ECOLOGICAL IMPACT OF INTERSTATE 95 ON BIRDS AND MAMMALS IN NORTHERN MAINE
The impact of highways on birds and mammals in forest ecosystems was examined along Interstate 95 in Penobscot County, during 1975 to 1977. Breeding bird populations, were compared at 100-m intervals from the highway. No effect on total populations, species number or species diversity was detected in 1975, but both species number and diversity were significantly greater near the highway in 1976. Wintering birds were found to make the most use of the forest area within 50 m of the highway. The total numbers of small mammals was not significantly affected by the highway, but the abundance of individual species was affected. Species diversity of small mammals was greater near the highway than on control areas 300 m from the highway. Winter track counts revealed the following: fishers seemed to be repelled by the highway, red foxes and coyotes were attracted to the ROW, while red squirrels, snowshoe hares and weasels were unaffected. White-tailed deer spent less time within the 100 m of forest adjacent to the ROW than in other areas out to 400 m.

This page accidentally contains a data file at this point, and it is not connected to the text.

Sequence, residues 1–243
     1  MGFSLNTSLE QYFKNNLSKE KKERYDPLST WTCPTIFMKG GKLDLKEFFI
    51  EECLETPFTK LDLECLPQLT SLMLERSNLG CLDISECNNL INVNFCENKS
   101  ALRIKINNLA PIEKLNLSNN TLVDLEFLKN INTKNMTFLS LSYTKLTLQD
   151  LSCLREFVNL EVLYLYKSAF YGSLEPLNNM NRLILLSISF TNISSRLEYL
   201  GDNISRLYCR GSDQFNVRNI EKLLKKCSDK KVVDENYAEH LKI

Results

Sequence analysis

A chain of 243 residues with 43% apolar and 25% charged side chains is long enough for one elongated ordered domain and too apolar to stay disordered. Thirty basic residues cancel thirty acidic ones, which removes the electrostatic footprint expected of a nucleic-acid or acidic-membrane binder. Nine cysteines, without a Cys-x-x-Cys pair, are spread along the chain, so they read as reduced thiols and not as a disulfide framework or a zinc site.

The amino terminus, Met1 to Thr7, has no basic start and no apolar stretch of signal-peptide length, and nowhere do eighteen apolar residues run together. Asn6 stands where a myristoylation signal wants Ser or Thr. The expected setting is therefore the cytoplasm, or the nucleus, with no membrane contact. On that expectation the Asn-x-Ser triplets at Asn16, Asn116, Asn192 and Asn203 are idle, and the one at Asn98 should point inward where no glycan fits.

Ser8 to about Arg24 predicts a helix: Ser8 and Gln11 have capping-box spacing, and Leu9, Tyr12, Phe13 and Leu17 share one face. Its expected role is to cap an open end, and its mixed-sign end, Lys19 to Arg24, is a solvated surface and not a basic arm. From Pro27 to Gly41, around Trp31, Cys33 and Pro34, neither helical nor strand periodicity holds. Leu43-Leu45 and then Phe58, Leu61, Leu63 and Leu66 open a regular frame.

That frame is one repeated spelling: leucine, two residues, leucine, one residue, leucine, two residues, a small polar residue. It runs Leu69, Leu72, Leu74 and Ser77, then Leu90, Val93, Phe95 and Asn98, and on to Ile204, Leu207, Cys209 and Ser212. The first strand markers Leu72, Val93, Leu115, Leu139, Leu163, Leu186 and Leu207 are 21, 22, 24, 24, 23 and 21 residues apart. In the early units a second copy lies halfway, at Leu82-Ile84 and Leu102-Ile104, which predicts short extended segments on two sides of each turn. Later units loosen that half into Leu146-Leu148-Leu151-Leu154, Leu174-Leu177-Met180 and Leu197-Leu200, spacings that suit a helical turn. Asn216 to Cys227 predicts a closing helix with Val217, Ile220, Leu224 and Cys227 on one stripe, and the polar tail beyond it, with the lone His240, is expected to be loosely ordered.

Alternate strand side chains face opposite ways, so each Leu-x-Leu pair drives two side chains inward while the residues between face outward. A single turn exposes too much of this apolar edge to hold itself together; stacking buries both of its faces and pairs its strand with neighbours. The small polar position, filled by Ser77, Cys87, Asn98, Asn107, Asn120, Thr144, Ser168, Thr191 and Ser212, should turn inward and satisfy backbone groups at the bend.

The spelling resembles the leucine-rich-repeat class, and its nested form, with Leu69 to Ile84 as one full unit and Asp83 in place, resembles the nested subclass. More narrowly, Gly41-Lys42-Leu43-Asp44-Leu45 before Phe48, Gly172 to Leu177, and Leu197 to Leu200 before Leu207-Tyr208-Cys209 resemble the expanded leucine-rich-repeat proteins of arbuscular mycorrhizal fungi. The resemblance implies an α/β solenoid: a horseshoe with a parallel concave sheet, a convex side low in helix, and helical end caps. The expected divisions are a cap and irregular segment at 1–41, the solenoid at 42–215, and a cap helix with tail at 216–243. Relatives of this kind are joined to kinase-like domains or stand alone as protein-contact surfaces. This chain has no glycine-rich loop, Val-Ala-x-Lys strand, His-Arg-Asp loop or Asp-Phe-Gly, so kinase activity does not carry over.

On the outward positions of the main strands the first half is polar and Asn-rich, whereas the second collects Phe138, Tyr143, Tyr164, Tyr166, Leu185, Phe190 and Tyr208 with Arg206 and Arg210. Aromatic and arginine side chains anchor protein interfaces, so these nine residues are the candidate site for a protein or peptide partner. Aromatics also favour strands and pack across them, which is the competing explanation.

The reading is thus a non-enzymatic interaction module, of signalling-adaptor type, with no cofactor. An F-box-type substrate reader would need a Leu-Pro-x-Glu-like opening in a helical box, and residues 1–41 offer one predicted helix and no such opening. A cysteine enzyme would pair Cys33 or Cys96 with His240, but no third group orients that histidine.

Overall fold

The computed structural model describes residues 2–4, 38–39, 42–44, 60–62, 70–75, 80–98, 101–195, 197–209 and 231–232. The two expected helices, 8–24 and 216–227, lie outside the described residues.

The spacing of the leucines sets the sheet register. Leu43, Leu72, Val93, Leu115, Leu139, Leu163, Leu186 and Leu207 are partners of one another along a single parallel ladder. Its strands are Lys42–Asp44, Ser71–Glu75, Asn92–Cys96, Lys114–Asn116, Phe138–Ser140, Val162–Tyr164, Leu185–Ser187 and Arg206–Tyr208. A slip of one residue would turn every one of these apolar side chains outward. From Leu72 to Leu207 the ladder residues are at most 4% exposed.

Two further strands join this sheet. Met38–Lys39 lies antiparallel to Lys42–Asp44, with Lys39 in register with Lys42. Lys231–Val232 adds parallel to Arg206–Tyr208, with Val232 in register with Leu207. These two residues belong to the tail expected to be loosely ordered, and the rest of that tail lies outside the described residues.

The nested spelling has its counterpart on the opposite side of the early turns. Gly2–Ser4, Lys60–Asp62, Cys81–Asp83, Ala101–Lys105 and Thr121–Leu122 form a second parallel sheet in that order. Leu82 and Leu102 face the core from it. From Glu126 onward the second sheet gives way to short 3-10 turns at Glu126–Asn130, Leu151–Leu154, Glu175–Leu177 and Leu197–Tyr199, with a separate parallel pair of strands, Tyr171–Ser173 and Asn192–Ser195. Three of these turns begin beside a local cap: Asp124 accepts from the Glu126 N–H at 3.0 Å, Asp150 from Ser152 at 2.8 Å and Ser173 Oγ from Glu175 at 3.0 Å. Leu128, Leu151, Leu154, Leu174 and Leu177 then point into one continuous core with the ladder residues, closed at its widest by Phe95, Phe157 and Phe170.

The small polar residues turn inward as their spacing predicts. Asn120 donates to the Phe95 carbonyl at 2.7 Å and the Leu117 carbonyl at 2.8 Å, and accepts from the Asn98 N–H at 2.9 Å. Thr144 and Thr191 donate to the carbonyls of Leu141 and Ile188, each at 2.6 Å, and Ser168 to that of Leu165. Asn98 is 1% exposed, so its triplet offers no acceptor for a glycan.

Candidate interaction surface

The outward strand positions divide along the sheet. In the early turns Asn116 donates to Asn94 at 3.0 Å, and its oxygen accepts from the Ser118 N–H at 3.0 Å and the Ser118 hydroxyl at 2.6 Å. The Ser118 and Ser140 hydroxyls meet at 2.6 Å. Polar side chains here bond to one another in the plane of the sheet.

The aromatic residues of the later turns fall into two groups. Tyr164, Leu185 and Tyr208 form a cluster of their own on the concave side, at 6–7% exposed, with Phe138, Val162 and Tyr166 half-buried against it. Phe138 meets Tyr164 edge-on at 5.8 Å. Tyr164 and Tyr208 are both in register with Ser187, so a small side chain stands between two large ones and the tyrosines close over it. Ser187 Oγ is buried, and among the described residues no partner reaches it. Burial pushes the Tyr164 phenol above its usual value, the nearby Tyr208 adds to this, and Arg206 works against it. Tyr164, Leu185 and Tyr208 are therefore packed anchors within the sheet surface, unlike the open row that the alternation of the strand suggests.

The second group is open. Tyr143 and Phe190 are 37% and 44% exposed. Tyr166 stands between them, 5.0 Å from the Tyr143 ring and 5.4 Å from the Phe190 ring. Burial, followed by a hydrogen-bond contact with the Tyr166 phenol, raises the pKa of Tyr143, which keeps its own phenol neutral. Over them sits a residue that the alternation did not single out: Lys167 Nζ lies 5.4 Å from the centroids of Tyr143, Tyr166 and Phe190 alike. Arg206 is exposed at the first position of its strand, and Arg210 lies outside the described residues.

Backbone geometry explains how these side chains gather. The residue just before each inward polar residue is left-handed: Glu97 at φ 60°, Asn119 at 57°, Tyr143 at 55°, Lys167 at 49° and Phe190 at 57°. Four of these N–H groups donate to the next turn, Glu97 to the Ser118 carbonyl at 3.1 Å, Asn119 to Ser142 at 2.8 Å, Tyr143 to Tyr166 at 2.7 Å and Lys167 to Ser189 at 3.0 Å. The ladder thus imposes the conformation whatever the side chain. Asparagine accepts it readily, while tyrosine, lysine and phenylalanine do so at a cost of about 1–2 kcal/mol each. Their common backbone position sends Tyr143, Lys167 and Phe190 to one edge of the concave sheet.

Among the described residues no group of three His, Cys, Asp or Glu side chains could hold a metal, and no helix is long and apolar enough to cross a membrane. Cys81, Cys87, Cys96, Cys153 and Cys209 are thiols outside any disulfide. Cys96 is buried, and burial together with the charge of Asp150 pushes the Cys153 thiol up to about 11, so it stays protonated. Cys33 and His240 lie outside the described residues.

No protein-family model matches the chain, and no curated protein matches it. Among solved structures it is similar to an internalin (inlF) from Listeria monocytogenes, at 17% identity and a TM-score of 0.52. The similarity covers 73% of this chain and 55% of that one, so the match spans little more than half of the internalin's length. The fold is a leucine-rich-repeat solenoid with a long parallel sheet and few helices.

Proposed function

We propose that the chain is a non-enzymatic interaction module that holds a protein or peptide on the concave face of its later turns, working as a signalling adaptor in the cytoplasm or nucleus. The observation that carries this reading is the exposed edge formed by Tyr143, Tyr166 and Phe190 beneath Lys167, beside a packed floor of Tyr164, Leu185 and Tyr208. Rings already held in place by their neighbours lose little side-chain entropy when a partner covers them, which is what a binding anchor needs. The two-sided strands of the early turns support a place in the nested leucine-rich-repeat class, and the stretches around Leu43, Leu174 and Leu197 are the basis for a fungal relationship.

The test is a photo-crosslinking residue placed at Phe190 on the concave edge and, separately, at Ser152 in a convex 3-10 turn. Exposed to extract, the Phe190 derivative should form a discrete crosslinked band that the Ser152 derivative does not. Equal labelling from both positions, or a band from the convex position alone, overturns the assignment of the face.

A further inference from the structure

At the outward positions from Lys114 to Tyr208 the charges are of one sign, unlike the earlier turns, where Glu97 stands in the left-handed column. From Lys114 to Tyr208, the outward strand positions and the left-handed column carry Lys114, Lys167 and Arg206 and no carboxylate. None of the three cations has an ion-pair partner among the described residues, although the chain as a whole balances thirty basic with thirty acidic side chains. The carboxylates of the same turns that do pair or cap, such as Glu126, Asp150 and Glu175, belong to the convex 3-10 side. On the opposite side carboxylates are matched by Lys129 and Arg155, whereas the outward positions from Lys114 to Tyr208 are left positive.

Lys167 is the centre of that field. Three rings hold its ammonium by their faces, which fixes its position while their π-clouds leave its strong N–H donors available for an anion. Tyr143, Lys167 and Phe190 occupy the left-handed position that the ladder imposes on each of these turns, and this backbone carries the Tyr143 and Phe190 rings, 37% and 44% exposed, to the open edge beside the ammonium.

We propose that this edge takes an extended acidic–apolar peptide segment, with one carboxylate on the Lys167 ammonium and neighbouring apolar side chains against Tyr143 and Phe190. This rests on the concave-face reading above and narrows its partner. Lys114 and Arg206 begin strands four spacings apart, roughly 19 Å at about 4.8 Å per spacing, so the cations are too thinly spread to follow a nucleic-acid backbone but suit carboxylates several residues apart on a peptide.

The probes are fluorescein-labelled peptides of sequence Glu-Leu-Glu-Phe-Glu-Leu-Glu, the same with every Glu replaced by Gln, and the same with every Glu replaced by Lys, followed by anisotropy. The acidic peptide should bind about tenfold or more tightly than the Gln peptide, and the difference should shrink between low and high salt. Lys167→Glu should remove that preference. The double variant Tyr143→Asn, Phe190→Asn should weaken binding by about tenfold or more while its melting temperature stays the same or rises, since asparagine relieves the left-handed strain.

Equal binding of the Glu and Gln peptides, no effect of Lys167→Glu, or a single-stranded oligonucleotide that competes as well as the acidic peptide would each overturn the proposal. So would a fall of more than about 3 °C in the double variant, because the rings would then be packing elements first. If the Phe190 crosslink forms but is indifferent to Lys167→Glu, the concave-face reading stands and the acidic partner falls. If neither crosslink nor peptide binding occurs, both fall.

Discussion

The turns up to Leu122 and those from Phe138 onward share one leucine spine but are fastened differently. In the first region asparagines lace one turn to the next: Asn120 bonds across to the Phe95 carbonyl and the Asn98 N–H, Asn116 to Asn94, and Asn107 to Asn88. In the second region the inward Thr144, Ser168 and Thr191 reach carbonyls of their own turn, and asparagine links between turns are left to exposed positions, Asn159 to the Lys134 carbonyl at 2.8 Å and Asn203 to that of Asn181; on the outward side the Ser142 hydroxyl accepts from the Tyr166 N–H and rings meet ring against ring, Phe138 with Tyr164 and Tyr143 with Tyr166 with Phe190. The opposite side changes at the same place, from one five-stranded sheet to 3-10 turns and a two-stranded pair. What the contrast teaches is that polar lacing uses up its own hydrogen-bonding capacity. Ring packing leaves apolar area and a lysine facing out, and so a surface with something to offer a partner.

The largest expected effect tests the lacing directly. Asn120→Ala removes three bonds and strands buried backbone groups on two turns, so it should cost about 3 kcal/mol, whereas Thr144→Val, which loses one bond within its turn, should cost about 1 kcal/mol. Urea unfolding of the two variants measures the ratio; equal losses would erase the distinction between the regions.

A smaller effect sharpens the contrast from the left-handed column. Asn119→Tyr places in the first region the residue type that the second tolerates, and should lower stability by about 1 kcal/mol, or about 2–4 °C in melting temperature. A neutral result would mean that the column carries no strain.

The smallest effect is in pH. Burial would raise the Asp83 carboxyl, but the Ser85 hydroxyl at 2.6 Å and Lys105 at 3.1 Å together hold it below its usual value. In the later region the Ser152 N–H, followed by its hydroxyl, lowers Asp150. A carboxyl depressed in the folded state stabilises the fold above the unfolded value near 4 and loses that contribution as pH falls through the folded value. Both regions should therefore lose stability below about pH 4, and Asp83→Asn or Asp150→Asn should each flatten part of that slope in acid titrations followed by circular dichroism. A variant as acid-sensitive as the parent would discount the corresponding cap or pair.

- This report was sponsored by the U.S. Department of Transportation, Federal Highway Administration.
University of Maine, OronoBoardman Hall
Orono, Maine USA 04469
Bangor, ME USA 04402
- Ferris, C R
- Palman, D S
- Richens, V B
- Publication Date: 1978-1
- Pagination: 122 p.
- TRT Terms: Animals; Birds; Deer; Ecology; Environmental impacts; Forests; Highways
- Subject Areas: Economics; Environment; Geotechnology; Highways; Society;
- Accession Number: 00170882
- Record Type: Publication
- Source Agency: National Technical Information Service
- Report/Paper Numbers: FHWA-ME-TP-77-12
- Contract Numbers: 58540
- Files: TRIS, STATEDOT
- Created Date: Mar 29 2002 12:00AM